Side hustle… or headache?

Linley McConnell

According to Yahoo, 50% of Americans have a side hustle. Yes, a side hustle can bring in additional revenue for your business. But I’m here to challenge you – is it the right thing for your business right now? Here are some questions to ask yourself before diving into a side hustle.

Are You Using Your Side Hustle as an Escape Route?

In Matt Higgins’ book, Burn the Boats, the ‘Dragon’ (Dragons’ Den), and Co-Founder and CEO of RSE Ventures, says “to accomplish something great, you have to give yourself no escape route, no chance to turn back. You throw away your backup plans and you push forward, no longer bogged down by the infinite ways in which we hedge our own success.” Oftentimes we look for a Plan B when we’re not feeling confident in our own business.

When we start thinking about new opportunities, important energy and resources are taken away from what’s right in front of us. You need to recognize that your time is money, and that the time you take to set up a new venture may be better spent determining how to grow your existing business. While your business may not feel exciting right now, or you may be going through a difficult time, consider that a side hustle may not be the right distraction.

Do You Have the Capacity and Skill Set?

When sales were slow at Gibson’s post-holiday season, I had a great idea: add a coffee bar at our Dundas store. I called my brother, a barista, to run the idea by him. I wanted validation that this was an amazing idea. Instead, I was met with some tough questions. Who is going to train the staff? Do you have the correct water hookup for an espresso machine? There’s a lot more to a coffee bar than simply setting up a Keurig machine. We did not have the capacity, resources or skill set to introduce this new side hustle into our store. It may be fun to daydream about ‘shiny objects’, but ultimately your organization needs to have the time and resources to commit to the idea.

Are You Passionate?

Most side hustles are born from passion. A mom who loves to cook starts an organic baby food business, or a dad who loves to tinker launches a bike repair service. If you’re launching something new, you should be passionate about it! Chip Wilson, the founder of lululemon, asks entrepreneurs “What do you get excited thinking about for 12–18 hours a day?”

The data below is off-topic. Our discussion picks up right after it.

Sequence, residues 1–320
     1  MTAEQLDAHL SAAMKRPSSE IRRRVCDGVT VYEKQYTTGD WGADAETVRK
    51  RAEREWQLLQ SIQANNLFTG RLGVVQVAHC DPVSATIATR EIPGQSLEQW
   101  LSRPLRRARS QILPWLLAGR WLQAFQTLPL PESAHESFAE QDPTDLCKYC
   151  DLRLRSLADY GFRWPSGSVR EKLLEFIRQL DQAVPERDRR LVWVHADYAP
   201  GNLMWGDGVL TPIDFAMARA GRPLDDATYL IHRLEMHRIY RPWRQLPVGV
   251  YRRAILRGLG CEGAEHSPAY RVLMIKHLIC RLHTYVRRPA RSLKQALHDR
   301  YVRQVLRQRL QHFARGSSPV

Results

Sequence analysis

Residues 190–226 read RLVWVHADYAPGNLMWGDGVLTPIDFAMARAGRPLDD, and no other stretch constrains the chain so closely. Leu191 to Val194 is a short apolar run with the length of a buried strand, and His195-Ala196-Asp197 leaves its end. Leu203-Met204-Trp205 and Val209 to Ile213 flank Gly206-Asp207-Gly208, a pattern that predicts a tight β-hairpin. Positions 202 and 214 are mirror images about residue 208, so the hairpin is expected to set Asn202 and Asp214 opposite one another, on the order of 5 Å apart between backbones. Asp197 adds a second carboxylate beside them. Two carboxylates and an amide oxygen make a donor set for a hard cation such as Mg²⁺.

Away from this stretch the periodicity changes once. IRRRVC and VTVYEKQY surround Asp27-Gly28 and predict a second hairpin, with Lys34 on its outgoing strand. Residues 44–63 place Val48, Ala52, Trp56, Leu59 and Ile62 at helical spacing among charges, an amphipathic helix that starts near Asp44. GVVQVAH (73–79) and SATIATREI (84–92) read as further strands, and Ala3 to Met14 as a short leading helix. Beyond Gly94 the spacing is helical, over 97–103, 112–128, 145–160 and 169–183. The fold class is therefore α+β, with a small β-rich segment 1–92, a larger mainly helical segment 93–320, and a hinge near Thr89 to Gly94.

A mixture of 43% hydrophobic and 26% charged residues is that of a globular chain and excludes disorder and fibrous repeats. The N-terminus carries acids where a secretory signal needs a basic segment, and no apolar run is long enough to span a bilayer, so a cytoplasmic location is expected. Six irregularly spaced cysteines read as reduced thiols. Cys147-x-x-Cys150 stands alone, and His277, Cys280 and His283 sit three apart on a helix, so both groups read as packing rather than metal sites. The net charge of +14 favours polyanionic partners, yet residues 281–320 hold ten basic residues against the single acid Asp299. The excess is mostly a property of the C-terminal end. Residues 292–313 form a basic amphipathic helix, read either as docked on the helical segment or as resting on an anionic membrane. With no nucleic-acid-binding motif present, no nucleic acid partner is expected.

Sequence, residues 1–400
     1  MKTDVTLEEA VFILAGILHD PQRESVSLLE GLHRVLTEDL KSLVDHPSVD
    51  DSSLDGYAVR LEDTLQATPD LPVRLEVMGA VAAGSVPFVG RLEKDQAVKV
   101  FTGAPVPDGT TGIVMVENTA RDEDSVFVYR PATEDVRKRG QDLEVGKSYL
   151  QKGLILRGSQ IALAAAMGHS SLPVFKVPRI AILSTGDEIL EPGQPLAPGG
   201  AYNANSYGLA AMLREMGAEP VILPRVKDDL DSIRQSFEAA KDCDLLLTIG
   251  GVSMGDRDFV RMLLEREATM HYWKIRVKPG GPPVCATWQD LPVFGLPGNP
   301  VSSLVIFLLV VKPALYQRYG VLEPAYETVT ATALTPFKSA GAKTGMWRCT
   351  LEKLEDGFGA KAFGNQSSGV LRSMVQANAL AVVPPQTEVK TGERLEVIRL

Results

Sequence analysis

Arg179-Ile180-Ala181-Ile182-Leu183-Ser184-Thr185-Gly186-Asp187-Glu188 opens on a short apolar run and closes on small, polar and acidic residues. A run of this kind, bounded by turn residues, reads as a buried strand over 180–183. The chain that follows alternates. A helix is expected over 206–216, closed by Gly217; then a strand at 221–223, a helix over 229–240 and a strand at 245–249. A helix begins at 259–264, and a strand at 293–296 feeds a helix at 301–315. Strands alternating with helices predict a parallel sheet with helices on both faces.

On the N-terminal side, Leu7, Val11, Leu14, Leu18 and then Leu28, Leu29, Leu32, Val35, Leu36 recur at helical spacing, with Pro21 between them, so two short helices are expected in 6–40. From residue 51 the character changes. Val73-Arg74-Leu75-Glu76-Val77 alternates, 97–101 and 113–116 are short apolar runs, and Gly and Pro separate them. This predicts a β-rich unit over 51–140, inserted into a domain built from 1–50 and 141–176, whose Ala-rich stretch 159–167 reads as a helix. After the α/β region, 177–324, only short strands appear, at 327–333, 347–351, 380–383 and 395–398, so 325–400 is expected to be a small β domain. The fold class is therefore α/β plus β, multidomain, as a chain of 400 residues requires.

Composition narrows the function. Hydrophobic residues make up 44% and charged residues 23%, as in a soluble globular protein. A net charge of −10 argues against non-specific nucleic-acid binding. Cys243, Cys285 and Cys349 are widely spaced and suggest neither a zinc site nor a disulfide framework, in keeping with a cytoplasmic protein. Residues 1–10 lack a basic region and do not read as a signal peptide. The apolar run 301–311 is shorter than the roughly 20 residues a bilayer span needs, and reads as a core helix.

Being passionate about your side hustle is going to ensure it stands up long-term and doesn’t fizzle out in a few months. Ask yourself that tough question – am I passionate about this and does it make working extra hours exciting or draining? If it ends up being a ‘get-rich-quick scheme’ or something you hate, you may chalk it up to another ‘failure’, and who wants that on their conscience?

Have You Tested It?

When big companies decide to offer a new service or product, they product-test. Before starting your side hustle, test it out. Maybe you think selling gellato at your store is the perfect idea. Partner with an ice cream truck and have it stop by your store a few times a month to test the idea first. If it’s popular, you may have hit a home run, if not, you just saved yourself a lot of time and money. Surveying your clients and getting feedback from friends and family is also a way to test your ideas to new potential customers. Pulling data or market research can assist as well. If you’re thinking about introducing a side hustle, it’s got to be intentional, so why not do the extra work to create a mini business plan and run some basic numbers.

It’s not my intention to kill your side hustle dream. I just want to encourage you to think critically about whether it’s best for your business and personal life. Let me know how it goes in the comments below!

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